“Desi Arnaz had invented that way of doing things. Lucy was a physical comedienne, and she would be all over the stage, so Desi Arnaz, being the genius he was, put all of their cameras on these dollies. So there are three cameras, you’ve got the stage, as though you are watching a play, and you have the cameras moving with us on dollies. Usually, [television sitcom] cameras are set in place and stagnant, but our cameras were like Lucille Ball’s cameras on the Lucy show, and they moved around the stage with us.” 

On growing up with an alcoholic father who also inspired her comedy career:
“My father was the funniest man I ever knew, but he also drank. He was an alcoholic, and when he drank he was another person, and he wasn’t so funny. I kind of had to pilot my way through my childhood, because my mother worked at night and my father worked during the day. He would come home and start drinking, and he would want to go to the bars, and he would take me with him from the time I was a little girl. He would lock me in the car and he would go in and drink.”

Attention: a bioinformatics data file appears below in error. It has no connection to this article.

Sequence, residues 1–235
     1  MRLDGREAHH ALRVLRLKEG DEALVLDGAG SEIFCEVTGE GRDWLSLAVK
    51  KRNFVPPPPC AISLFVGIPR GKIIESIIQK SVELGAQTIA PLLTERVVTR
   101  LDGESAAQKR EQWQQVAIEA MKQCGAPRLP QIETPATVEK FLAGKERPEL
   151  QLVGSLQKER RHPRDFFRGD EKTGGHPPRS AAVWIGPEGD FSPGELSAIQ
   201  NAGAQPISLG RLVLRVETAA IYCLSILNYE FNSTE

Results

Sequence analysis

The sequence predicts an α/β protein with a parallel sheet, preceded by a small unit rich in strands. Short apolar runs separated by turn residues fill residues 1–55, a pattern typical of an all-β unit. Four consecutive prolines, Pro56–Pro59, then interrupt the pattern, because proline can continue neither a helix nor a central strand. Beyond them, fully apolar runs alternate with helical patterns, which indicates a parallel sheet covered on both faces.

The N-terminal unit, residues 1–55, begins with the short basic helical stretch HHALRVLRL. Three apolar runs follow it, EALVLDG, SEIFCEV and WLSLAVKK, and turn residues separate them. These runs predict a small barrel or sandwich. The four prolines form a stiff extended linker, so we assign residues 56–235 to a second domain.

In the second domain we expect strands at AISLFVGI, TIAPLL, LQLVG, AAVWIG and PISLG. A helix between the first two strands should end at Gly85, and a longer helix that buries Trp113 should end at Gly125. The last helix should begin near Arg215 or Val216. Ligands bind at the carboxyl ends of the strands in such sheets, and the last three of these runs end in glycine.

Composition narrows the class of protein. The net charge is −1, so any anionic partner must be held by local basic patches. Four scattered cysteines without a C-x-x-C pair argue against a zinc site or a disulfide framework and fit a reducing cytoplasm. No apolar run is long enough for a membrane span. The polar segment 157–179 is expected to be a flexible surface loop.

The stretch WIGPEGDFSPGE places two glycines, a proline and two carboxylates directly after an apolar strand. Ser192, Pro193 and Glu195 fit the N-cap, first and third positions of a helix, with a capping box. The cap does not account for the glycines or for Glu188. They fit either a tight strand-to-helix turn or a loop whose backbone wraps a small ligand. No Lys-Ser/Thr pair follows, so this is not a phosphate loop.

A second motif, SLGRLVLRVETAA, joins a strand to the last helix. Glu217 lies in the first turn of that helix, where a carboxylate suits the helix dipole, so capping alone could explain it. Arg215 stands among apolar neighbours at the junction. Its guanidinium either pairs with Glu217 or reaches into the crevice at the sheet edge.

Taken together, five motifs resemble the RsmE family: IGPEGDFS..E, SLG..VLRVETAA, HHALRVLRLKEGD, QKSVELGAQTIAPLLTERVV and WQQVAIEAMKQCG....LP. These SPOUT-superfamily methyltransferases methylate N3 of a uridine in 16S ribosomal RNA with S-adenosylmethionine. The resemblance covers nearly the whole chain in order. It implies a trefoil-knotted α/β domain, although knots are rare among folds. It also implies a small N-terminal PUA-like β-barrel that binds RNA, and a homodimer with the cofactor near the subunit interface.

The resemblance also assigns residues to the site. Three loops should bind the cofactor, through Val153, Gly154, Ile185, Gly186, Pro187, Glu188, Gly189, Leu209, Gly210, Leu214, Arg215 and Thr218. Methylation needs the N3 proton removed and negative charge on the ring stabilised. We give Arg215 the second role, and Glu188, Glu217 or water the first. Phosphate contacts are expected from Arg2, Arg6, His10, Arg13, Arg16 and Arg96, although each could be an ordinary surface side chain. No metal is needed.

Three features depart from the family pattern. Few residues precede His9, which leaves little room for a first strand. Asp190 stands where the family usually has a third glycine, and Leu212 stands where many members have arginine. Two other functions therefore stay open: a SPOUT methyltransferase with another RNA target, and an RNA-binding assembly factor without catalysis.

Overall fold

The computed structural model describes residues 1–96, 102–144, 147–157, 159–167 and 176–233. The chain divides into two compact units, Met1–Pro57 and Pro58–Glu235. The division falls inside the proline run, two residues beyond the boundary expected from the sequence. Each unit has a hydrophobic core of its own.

On being jealous of her high school classmate, Sally Field:

“The drama teacher in charge of the talent show at my high school invited me to be in a play production class. I skipped Drama 1 and 2, and I went into play production. In my play production class was Sally Field, who was doing The Flying Nun. I was so jealous of her. She was brilliant on stage, even at the age of fourteen and fifteen, and everybody recognized it, and that is when the [show business] bug bit me.” 

On the best advice she’s ever gotten:

“It was from my mother and it’s two words: Keep Moving. She’d say, ‘Cindy, just keep moving.’ Now, whenever I get down and think I can’t do something, I hear my mother say, ‘Keep Moving.’ And so I move, and it works on so many different levels.”

On society losing its sense of humor: